Women leaders offer plenty of exciting skills, bringing a more diverse physical, mental and emotional experience to everyday business conversations and situations.
Although significant progress has been made in the past few years, it is clear that women will continue to make strikes in cementing a balance of representation within the ICT industry, with an abundance of research supporting the theory that businesses are more profitable when they have more women in the C-suite.
When women become leaders, they contribute a prismatic set of skills demonstrating passion, enthusiasm, and the capability to take command of a situation, where need be.
Women can make bold and wise decisions as leaders and can use their skills to make the team environment less authoritative and more cooperative, bringing a family-like feel to the unit. This boosts teamwork across the organisation and helps implement a new culture within the business.
From a leadership point of view, women tend to bring a softer, more collaborative approach to real-life work issues. Women are more prepared to listen to all sides and are thus better at finding the middle ground in any given situation.
It is important when bringing new employees from different generations on board to ensure they are made to feel like members of the team. Women are brilliant with the kind of empathy required to ensure buy-in and to provide these people with a clear understanding of their role in achieving company objectives.
In fact, a meta-analysis, comparing male and female leaders, identified that female leaders were more transformational. The analysis indicated that women tend to demonstrate more contingent reward behaviour than the two-dimensional actions – active and passive management – usually presented by male leadership.
Communication is known to be one of a woman’s strongest skills. Woman leaders will utilise this power to enhance meaningful conversations with employers, co-workers and partners, thus creating an open communication stream that delivers a sense of clarity and empathy.
While there is a perception that women are more emotional and less decisive than men, the fact is that women bring a more diverse physical, mental and emotional experience to everyday conversations.
Women definitely bring a lot to the management role, as we are used to wearing multiple hats while undertaking what are essentially two different full-time jobs – namely as a business leader and as a primary caregiver. Remember too that in the family, the mother is usually the mediator and the peacemaker, a role which also segues into managing people within the organisation.
Women are more empathetic at taking on the emotional burden from others, while still providing leadership. It shouldn’t really come as a surprise to learn that the ability to balance a career with the additional stress of raising a family, while also taking up the mantle of guidance, demonstrates how women are well-positioned to deliver quality leadership.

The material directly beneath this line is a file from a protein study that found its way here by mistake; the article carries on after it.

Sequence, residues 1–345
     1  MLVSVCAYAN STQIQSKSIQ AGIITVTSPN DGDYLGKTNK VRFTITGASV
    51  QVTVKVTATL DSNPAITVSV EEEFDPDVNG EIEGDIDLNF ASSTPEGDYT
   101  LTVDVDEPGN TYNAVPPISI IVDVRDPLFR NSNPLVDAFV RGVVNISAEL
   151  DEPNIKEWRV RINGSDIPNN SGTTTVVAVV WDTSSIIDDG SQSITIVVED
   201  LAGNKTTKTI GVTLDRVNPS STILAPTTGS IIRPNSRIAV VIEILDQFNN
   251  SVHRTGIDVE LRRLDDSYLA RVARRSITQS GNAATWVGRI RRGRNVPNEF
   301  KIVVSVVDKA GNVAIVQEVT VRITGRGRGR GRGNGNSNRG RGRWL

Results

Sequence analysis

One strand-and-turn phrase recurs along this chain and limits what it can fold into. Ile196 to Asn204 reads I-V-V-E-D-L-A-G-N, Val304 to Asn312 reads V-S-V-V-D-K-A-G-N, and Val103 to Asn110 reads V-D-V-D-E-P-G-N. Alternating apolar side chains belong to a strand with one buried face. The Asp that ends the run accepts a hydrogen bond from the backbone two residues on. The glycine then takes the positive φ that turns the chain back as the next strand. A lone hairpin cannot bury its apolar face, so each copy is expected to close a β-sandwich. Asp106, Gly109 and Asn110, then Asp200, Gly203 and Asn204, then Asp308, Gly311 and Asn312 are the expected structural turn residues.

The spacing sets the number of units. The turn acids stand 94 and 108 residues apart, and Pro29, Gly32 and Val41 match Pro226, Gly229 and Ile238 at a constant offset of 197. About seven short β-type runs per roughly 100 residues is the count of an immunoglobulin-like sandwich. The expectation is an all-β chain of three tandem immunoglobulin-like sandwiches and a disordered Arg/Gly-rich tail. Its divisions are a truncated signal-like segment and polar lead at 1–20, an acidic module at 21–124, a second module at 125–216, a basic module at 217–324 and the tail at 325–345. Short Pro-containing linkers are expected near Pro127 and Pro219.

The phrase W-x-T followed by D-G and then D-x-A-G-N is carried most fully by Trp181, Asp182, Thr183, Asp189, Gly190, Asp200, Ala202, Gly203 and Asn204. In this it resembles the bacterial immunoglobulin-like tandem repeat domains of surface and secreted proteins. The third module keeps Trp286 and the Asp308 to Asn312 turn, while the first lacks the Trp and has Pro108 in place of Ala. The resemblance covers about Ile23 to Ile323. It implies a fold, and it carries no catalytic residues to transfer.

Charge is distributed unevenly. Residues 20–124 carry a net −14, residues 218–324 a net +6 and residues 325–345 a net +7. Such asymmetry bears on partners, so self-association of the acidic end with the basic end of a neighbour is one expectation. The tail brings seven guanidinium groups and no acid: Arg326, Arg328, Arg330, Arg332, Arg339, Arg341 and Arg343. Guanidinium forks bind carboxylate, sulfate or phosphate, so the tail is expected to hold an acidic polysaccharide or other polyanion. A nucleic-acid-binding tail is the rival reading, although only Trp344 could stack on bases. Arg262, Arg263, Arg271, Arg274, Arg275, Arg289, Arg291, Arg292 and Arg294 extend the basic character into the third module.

Nonetheless, women still need guidance and support, which is why mentoring is so important. I know from experience that demands on women managers are often massive and that they can struggle to strike a proper work-life balance. Under such circumstances, it clearly helps to have a role model you can learn from.
Generally, women tend to put in double the effort of their male counterparts to demonstrate their ability to achieve any level of seniority. Understanding this, Pinnacle encourages our staff to excel and identifies those women with the relevant strengths to help improve the business in order to promote them.
Ultimately, diversification is not about placing women ahead of men, but rather about equality, seeing the value of individuals and understanding how, collectively, they can work together for the greater good of the organisation. While there remains quite a journey for most companies, I believe Pinnacle is doing well – we have nearly equal women representation throughout the business, with figures of 42.2%.
Of course, diversity in the workplace should not merely prioritise women, but should seek instead to have a fluid combination of both genders throughout the organisation she suggests. This is because workplace gender diversity helps improve productivity, creativity, performance, staff retention and boosts collaboration throughout the business.
That said, we must never underestimate the impact of those women who are currently smashing their role as a leader in the workplace. Not only are they helping the company to achieve its gender and diversity goals, while bringing new thoughts, angles and strategies to the table, but they also set a good example for those who follow. For women just entering the workforce, having a role-model that can serve as an inspiration to them as newcomers in the field is something that is more critical than ever.
- Natasha Oosthuizen, National Sales Director at Pinnacle ICT.